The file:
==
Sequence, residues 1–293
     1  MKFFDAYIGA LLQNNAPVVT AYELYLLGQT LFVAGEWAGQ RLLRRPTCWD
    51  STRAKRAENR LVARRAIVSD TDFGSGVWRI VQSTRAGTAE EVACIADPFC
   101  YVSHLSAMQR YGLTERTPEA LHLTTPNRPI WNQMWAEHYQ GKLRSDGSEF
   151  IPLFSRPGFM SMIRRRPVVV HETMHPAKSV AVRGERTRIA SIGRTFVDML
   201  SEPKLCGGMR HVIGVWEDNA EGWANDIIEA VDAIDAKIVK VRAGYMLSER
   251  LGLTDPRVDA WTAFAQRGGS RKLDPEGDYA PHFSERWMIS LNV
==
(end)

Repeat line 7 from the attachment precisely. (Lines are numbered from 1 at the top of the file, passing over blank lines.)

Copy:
   251  LGLTDPRVDA WTAFAQRGGS RKLDPEGDYA PHFSERWMIS LNV